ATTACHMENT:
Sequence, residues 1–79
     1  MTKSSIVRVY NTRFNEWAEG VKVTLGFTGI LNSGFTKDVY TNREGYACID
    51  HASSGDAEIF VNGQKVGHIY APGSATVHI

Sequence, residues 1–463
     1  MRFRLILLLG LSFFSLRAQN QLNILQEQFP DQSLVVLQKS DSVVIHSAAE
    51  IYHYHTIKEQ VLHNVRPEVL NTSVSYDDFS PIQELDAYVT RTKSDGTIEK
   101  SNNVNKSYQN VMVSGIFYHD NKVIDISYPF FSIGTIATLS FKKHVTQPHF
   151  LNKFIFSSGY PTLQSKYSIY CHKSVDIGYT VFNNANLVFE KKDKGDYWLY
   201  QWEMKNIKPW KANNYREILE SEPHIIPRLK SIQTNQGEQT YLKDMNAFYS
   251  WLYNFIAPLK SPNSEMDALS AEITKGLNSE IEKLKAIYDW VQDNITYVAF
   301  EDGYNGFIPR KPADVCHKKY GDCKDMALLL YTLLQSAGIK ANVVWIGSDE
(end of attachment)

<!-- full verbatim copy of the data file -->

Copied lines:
Sequence, residues 1–79
     1  MTKSSIVRVY NTRFNEWAEG VKVTLGFTGI LNSGFTKDVY TNREGYACID
    51  HASSGDAEIF VNGQKVGHIY APGSATVHI

Sequence, residues 1–463
     1  MRFRLILLLG LSFFSLRAQN QLNILQEQFP DQSLVVLQKS DSVVIHSAAE
    51  IYHYHTIKEQ VLHNVRPEVL NTSVSYDDFS PIQELDAYVT RTKSDGTIEK
   101  SNNVNKSYQN VMVSGIFYHD NKVIDISYPF FSIGTIATLS FKKHVTQPHF
   151  LNKFIFSSGY PTLQSKYSIY CHKSVDIGYT VFNNANLVFE KKDKGDYWLY
   201  QWEMKNIKPW KANNYREILE SEPHIIPRLK SIQTNQGEQT YLKDMNAFYS
   251  WLYNFIAPLK SPNSEMDALS AEITKGLNSE IEKLKAIYDW VQDNITYVAF
   301  EDGYNGFIPR KPADVCHKKY GDCKDMALLL YTLLQSAGIK ANVVWIGSDE